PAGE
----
The panel’s recommendations, which may include making tariffs viable by reviewing the power purchase agreements, or acquisition of the projects, are expected in two months. The panel comprising Justice (retd) R.K. Agarwal, former deputy governor of RBI S.S. Mundra and former chairman of the Central Electricity Regulatory Commission, Pramod Deo, will be assisted by SBI Caps and NTPC.
The government of Gujarat, where the plants are located, says reviving these plants will help consumers get much cheaper electricity and has asked the panel to submit its recommendations in two months, according to the state’s order issued on Tuesday on “Formation of High Power Committee on finding solutions in respect of power supply by imported coal based power plants to the procurer states”.
SBI Caps will assist the panel. Distribution companies, which signed contracts to purchase power from these projects at a particular price, have strongly resisted any attempt to increase the tariff.
The companies argued that coal prices rose sharply because of unexpected changes in Indonesian regulations, making the plants unviable, and forcing two plants to shut down and one to run at a low capacity and make losses.
With such a large capacity shut down, Gujarat, Haryana, Punjab, Rajasthan and Maharashtra, which would together get 8,000 MW of power from these plants, are facing a huge shortage. “Resultantly all these states are required to purchase/generate power at higher cost/rates. Thus due to prevailing conditions the consumers of these states are to be put to pay much higher cost of power,” the government order appointing the panel said.
The Gujarat government said states were suffering big losses. “Due to non-availability of power under these PPAs, there is a huge financial implication on procurer states in respect of power purchased/generated at the cost much higher than PPA rates which is putting these states under heavy stress,” it said. Officials said Gujarat had to purchase costly electricity from the spot market at an additional cost of Rs 3,000 crore in the last few months.
Officials said the committee would deliberate on the recommendations of State Bank of India, the lead banker to the Mundra units of Tatas, and Adani and Essar Power’s Salaya unit, which has proposed that the Gujarat government buy imported coal and supply to the plants while only paying the generators the fixed cost—which is 40% of the tariff.
While Adani Power’s 4,620 MW plant and Essar Power’s 1,320 MW Salaya plant have stopped operating, citing non viability, Tata Power has been operating the 4,000 MW project that made a loss of Rs 1,700 crore in the last financial year.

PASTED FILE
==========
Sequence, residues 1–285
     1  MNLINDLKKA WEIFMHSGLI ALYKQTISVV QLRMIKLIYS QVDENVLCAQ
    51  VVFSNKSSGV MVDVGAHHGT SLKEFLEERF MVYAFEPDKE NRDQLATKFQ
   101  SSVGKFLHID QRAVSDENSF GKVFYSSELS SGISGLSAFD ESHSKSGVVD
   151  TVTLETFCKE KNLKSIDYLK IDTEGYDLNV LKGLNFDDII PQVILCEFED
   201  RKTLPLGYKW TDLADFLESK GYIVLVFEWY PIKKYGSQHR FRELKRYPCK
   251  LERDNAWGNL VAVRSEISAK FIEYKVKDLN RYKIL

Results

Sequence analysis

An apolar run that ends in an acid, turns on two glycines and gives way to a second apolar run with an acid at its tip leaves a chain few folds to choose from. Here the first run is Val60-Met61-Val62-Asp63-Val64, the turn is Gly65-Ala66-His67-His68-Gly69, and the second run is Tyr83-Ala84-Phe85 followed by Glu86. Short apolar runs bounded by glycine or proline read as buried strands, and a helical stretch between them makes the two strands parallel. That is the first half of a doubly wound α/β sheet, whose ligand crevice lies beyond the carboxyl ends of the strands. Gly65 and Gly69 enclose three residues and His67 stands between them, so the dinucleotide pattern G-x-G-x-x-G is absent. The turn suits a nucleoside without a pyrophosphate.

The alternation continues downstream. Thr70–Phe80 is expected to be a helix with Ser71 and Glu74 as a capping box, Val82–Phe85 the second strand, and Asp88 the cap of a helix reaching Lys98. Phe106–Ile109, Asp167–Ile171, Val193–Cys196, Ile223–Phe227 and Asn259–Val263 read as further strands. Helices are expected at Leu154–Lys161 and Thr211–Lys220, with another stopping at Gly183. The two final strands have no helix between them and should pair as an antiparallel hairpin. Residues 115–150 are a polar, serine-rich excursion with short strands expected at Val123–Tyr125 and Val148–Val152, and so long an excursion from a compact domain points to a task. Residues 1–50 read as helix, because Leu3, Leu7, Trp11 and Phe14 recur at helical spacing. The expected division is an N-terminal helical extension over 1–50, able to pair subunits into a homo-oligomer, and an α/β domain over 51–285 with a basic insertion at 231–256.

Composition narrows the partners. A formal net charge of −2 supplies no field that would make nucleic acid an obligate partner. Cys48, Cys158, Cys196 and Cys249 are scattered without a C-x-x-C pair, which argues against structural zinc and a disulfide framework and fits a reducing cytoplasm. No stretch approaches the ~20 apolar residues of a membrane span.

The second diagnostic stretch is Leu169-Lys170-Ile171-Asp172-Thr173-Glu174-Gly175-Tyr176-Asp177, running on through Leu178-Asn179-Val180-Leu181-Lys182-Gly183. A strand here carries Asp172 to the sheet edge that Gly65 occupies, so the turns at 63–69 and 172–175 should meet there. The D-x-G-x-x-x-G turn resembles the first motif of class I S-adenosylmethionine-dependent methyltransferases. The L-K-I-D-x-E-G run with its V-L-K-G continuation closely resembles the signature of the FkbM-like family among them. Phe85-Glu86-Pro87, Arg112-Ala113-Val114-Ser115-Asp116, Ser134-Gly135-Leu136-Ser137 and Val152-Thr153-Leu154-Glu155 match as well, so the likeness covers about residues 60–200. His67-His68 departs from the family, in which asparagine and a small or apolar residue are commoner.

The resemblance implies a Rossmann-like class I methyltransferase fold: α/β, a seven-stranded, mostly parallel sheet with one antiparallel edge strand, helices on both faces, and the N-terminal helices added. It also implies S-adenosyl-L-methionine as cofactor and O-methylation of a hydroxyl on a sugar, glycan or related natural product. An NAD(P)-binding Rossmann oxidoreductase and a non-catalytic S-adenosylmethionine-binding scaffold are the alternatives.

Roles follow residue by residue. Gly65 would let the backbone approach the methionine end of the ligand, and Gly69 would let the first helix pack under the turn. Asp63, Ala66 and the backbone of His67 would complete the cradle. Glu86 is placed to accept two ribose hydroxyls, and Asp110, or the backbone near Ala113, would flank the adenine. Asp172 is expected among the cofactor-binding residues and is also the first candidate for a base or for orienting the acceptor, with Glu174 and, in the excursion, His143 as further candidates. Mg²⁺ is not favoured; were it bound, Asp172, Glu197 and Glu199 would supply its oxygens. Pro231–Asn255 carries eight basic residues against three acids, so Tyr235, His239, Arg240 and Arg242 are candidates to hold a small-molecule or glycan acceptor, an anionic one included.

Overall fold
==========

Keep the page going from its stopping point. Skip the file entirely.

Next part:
In June last year, Tata Power, Adani Power and Essar Power had offered majority stakes in their imported coal-based power plants in Gujarat to the state government at Rs 1 each.
The three companies had sought interventions of the Gujarat government, the Union power ministry and the prime minister’s office (PMO) after the Supreme Court disallowed tariff compensation to Tata Power and Adani Power for rise in imported coal prices due to change in the Indonesian law.
In letters written to Gujarat Urja Vitaran Nigam (GUVNL), also marked to the power ministry, the chief secretary to the Gujarat government, and the principal secretary to the prime minister, the companies had suggested selling 51% equity at Re1and letting the company operate the 4,000 MW plant as remaining stakeholder. CGPL’s Mundra has power supply pacts with five states.
On April 11, 2017, the Supreme Court ruled that increase in coal prices due to change in overseas laws cannot be considered as change in law under the PPA.
Adani Power and Tata Power had approached power regulator Central Electricity Regulatory Commission (CERC) for compensation after Indonesia banned coal supply at less than international prices in September 2010. The CERC had ruled that such change cannot be classified as change in law or ‘force majeure’ under the PPAs but allowed compensatory tariff under exercise of regulatory power.
The Appellate Tribunal for Electricity ruled that the case qualifies under the force majeure clause and asked the CERC to reconsider the quantum of compensation. Against this, the state distribution companies appealed in the Supreme Court. The apex court allowed the CERC to calculate compensation till verdict. The CERC had issued the mechanism to compensate the companies. The Supreme Court finally said the increase in coal prices cannot be considered force majeure or change in law and asked the CERC to look into the matter afresh in light of its verdict.
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